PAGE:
Perkins and Rondo have mulled the idea of heading overseas together if the NBA lockout continues. But even if they dont get to suit up as teammates again, Perkins is confident in their relationship that goes beyond basketball.

Rondo brings out my humble side, he said. I think he always keeps me stable, never lets me get too high or too low. We call each other a lot. We talk almost every day. We talk about a lot of different situations. Anything going on on his mind, he calls me. Anything going on on my mind, I'm going to call him. So that's the type of relationship we've got.

Amid signs his job might be in trouble, Julien says: 'I'm not quitting on this team'

Amid signs his job might be in trouble, Julien says: 'I'm not quitting on this team'

BRIGHTON, Mass – Roughly 12 hours after embattled Bruins coach Claude Julien bristled at a question about his job security and labeled it “shock journalism” in the heat of the moment after a tight loss to the Blackhawks, the B’s bench boss delivered a classy, heartfelt response to the same question.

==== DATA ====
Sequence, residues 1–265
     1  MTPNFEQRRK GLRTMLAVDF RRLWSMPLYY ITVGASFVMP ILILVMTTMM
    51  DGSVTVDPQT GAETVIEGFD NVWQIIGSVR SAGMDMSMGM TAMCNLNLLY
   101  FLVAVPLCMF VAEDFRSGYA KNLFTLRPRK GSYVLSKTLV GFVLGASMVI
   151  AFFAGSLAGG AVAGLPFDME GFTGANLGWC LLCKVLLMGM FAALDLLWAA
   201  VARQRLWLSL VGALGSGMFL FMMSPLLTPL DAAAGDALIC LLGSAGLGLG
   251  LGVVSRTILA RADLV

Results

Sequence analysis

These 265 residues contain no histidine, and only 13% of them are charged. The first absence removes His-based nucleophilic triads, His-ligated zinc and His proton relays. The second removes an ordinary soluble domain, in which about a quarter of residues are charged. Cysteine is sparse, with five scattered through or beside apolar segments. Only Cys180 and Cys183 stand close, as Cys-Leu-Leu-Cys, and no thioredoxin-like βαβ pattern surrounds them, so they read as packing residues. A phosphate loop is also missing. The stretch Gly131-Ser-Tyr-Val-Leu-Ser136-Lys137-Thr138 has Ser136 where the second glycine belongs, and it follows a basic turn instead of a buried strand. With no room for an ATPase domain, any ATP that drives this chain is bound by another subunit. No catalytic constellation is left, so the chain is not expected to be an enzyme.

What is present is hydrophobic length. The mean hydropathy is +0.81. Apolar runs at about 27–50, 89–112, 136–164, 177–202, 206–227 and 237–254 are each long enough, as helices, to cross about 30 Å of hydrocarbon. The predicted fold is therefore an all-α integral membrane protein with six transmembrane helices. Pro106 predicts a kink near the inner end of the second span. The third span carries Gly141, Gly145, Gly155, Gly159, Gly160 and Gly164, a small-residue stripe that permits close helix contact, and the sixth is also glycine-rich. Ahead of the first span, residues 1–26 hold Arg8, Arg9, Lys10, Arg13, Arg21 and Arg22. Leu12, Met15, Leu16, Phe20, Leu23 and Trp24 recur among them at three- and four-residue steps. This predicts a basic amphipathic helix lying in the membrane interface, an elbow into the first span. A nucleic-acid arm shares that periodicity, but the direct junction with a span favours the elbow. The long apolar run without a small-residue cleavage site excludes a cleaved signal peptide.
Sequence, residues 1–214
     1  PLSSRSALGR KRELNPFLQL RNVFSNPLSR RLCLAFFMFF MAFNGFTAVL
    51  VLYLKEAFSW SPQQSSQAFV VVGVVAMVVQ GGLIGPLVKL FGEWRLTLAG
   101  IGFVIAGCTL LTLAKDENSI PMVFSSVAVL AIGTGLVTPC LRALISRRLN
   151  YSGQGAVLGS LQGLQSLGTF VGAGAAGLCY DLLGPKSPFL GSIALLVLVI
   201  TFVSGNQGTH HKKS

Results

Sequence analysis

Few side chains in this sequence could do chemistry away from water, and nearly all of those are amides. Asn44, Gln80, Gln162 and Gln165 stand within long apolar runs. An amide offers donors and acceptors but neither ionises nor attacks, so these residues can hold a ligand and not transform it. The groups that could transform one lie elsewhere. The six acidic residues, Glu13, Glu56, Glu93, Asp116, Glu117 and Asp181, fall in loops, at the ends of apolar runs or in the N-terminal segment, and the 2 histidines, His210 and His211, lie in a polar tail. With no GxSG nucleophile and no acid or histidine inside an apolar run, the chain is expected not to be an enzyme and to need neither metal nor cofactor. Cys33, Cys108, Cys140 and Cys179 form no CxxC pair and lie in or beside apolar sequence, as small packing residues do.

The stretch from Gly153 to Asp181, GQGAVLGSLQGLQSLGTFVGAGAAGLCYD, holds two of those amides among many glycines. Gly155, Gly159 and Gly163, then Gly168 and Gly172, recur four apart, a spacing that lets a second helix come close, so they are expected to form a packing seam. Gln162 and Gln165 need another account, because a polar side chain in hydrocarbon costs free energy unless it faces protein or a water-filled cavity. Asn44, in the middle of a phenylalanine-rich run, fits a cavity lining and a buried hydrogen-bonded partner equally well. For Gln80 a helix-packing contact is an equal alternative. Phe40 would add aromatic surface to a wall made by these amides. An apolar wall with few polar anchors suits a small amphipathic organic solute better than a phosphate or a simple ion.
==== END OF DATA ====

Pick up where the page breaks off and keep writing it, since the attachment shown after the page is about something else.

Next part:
Julien was asked about it in French by a reporter from the Montreal Gazette, but answered in English because of the “loyalty he feels to the people in Boston.”

In essence, Julien basically said he should be relieved of his duties if he’s deemed to be behind what ails the Black and Gold, but he’s going to keep working to fix things until that day comes.

It was exactly the kind of response you would expect from a coach who's taken the B’s to the mountaintop in his 10 years running the team and will always be respected and loved in Boston long after his coaching days are done.

“How do I deal with all of the rumors and all that is going on? I didn’t feel like [Friday night] was the appropriate time for me to answer that after a game where you’re emotions are pretty high. I wasn’t getting into that, but to be honest with you my job is to coach the hockey club,” said Julien. “Am I worried about my job? No, I’m not. Because it’s not my job to worry about it. My job is to fix things, and my job is to coach this team and do everything I can. If I become one of the reasons that we’re not doing well, then management has to make that decision.